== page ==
• Saudi Arabia is fully contingent on Oil – Its economic wealth depends on Oil exports
  • A relatively high break-even oil price is required to have a balanced state budget. According to ING research, Saudi needs a price in the region of US$80/bbl to balance their budget.
  • Saudi Arabia has been successful in snatching some of Russia’s markets, including an oil purchase deal with Azerbaijan’s State-Owned Oil Company (SOCAR) (Ona.az, March 13).



  • Russia has a fiscal breakeven oil price of a little over US$40/bbl (putting it in a better place than Saudi).
  • Russia’s Finance Minister Anton Siluanov has said he is not concerned about the fall in oil prices, because Russian oil companies have recently accumulated a large safety cushion (RBC, March 20).
  • Nuclear state, developed intelligence, counterintelligence, cyber-security, and spec-ops capacities; Hence any direct conflict escalation against Russia will be considered twice by the US.
  • Massive fund reserves accumulated over the past 6 years of rising oil prices, could support its economy amid price war in the long term – But is it that as long as Saudi’s?


  • Some of Russia’s largest oil companies oppose production increases as the pandemic saps demand.
  • Contingent to Oil  (but not as much as Saudi), with low domestic economic diversity.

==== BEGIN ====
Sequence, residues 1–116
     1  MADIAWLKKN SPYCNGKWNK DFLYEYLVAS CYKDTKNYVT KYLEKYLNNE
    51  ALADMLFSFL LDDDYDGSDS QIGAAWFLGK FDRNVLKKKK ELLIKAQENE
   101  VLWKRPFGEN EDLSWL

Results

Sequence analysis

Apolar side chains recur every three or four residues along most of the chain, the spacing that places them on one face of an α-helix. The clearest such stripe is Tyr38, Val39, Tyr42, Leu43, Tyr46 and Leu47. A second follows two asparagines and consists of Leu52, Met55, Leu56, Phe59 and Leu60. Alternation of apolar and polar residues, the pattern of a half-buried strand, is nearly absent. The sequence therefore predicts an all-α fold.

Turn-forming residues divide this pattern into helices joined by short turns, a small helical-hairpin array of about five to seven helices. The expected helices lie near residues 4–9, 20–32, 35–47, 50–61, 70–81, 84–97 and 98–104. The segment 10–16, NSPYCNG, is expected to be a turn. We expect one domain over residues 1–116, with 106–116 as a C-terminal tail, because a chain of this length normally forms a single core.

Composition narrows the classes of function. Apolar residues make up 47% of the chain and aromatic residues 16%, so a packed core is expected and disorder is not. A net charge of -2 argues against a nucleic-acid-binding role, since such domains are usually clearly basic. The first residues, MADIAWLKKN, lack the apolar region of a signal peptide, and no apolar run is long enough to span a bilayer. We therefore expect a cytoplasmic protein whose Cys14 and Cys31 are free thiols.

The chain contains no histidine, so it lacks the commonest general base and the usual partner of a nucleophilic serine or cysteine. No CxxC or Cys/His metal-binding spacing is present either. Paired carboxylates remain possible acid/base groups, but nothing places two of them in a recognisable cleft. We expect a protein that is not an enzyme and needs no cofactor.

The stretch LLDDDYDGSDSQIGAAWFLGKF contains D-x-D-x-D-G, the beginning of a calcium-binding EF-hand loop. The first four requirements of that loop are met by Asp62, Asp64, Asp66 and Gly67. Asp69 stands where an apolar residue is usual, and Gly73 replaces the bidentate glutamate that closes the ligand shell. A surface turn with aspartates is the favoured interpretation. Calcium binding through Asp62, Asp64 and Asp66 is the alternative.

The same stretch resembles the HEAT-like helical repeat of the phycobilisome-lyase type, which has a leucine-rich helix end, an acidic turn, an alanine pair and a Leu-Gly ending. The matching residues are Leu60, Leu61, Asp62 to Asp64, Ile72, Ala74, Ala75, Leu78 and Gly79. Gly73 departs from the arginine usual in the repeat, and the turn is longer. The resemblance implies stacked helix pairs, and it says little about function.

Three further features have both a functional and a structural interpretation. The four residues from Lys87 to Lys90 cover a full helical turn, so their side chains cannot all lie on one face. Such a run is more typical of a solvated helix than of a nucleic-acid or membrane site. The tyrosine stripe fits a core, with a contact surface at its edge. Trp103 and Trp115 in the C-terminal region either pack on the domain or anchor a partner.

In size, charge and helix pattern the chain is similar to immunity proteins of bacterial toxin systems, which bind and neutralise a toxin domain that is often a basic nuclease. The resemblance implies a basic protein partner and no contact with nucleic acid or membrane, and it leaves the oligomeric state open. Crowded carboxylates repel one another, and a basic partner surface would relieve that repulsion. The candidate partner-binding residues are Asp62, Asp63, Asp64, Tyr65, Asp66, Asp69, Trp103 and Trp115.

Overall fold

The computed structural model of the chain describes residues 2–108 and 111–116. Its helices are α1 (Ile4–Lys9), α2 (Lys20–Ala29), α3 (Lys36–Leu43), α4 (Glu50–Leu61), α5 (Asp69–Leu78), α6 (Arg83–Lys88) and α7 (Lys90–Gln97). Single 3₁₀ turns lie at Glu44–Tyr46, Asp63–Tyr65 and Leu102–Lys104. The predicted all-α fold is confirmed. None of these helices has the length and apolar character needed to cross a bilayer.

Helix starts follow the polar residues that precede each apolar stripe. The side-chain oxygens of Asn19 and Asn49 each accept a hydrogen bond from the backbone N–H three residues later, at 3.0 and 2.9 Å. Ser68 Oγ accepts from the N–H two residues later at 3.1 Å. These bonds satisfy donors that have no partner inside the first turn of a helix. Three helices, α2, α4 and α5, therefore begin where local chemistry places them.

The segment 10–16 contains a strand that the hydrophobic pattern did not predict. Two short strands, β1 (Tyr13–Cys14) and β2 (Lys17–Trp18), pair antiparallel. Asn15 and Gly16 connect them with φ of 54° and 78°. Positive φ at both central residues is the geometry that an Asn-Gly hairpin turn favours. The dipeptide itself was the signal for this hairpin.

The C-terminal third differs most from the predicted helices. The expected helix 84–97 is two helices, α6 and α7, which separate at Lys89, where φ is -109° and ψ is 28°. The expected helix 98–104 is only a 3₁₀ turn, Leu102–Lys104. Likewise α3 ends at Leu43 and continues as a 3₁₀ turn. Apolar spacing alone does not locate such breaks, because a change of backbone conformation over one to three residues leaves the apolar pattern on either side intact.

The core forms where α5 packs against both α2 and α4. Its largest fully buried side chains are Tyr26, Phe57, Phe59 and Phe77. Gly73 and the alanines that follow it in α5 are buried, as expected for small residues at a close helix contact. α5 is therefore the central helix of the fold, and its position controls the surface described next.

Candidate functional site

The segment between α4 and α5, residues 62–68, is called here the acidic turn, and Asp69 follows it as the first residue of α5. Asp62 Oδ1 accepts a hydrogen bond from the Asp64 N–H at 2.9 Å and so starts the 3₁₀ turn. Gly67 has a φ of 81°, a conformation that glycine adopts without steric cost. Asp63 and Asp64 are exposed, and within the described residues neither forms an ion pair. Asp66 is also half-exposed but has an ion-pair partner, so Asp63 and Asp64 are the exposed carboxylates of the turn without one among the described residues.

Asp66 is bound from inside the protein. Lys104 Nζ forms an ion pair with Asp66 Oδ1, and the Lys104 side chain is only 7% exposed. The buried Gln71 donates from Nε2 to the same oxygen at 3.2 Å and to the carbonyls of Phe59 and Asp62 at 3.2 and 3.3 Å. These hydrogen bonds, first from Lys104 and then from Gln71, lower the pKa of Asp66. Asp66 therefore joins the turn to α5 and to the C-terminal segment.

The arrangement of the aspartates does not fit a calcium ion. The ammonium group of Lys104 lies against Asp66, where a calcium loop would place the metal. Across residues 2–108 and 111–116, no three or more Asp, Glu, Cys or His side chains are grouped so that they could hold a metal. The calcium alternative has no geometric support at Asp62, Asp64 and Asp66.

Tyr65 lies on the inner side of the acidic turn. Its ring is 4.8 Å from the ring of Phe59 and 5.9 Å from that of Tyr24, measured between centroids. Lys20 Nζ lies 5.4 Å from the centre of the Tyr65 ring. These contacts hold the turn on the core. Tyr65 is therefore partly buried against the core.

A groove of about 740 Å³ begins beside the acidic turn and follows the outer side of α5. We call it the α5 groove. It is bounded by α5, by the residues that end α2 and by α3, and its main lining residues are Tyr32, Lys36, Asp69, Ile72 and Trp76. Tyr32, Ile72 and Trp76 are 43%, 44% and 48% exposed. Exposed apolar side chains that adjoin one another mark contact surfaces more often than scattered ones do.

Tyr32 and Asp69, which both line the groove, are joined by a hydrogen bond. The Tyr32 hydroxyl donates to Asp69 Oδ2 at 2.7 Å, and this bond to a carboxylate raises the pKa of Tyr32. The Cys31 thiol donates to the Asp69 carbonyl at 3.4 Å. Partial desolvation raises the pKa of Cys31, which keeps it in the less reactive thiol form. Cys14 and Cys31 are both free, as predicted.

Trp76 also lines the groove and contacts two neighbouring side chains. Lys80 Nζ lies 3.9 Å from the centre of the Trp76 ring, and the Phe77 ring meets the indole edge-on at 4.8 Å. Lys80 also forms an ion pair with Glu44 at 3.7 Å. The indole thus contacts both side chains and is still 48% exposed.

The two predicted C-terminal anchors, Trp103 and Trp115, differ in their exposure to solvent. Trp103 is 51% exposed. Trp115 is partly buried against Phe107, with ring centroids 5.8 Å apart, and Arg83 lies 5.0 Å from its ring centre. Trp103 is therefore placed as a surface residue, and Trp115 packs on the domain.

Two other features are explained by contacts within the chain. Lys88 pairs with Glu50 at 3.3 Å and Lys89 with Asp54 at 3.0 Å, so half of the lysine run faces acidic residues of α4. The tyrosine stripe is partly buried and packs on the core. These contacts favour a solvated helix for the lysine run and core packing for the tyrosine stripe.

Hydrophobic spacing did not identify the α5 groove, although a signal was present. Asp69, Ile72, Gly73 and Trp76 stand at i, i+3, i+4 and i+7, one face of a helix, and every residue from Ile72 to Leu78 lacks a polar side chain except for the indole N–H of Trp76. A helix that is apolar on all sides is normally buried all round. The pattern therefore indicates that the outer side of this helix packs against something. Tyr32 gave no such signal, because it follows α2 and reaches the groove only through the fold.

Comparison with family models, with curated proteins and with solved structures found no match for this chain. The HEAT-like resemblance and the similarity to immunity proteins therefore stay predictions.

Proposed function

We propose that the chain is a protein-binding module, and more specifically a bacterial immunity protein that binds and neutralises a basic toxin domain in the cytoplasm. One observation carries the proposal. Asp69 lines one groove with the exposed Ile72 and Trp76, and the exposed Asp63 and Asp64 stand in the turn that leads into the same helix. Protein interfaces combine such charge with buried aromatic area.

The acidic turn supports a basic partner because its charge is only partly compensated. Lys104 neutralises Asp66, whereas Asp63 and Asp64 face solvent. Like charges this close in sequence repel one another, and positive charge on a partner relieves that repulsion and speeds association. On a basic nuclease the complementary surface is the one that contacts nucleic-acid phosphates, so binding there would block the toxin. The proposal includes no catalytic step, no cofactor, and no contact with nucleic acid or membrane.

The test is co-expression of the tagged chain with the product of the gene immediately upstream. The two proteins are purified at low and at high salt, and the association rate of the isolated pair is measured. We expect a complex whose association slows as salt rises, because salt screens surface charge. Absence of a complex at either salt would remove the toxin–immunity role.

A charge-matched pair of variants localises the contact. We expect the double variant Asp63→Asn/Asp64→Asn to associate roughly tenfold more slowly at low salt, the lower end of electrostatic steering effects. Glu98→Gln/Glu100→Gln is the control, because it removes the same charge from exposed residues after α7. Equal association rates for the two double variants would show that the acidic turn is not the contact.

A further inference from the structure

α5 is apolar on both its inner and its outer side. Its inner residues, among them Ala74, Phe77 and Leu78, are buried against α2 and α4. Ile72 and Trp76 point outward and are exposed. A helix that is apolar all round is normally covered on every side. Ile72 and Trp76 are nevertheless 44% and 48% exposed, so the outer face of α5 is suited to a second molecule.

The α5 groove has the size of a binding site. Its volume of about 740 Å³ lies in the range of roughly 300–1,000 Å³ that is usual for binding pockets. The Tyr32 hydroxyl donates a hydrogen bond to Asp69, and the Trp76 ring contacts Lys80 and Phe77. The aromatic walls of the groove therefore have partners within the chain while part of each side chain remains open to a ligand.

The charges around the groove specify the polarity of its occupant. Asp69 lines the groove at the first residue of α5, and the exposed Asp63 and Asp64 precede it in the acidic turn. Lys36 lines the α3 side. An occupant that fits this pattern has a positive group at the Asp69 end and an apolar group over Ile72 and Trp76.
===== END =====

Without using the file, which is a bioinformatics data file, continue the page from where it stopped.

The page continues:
• Production costs are higher than Saudi.


Unfortunately all these are not the sole drivers of Oil outlook in 2020.

Demand concerns remain a key driver as well, as countries continue to go on complete lockdown due to COVID-19 while they have set very strict travel restrictions. China was the first country hit by the pandemic and forced   into a complete shutdown. Now it has hit the globe, it has hit the global economy, it is keeping people at home, it has cancelled thousands of flights all over the world, it has caused factories to start shutting down production, and all the while it has been significantly reducing oil demand.

Oil prices have fallen over 70% since October 2019, and while this shock in oil has increased credit risks in financial markets, the pandemic weighs heavily on oil prices, which could be heading for a massive contraction in demand on a yearly basis, of over 10.0 mln bpd.

Meanwhile, according to Reuters, “Global fuel demand is set to drop by as much as 15% to 20% in the second quarter as a result of the coronavirus pandemic, which has killed more than 22,000 people, shut most worldwide air travel and has numerous countries imposing lockdowns keeping people at home and out of their cars.

Oil demand impact from Covid-19 (kb/d)
Oil demand impact from Covid-19 (kb/d)

In conclusion, clearly we are facing a year with lots of uncertainties, with heightened risk of a sharp world-wide recession. The risk-off conditions, along with a sharp, virus-related drop in oil demand and prospects for ramped up production from Saudi Arabia and Russia, have pressured  oil prices down to an 18-year low and  are expected to retain pressure on oil.

The overall outlook remains strongly bearish unless OPEC+ does take steps to agree on a new output cut plan in the 2H of 2020, although even a coordinated move like this would not easily bring the Energy market into balance.

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Andria Pichidi

Market Analyst